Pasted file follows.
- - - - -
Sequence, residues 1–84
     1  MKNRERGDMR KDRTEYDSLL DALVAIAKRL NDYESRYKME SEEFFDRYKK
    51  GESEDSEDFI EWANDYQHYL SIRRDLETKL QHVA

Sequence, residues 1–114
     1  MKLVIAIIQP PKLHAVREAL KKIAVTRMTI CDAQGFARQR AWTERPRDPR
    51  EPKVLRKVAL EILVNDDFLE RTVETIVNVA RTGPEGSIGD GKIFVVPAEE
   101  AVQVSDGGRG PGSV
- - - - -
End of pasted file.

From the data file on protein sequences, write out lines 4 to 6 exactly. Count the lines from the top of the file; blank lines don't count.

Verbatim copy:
Sequence, residues 1–114
     1  MKLVIAIIQP PKLHAVREAL KKIAVTRMTI CDAQGFARQR AWTERPRDPR
    51  EPKVLRKVAL EILVNDDFLE RTVETIVNVA RTGPEGSIGD GKIFVVPAEE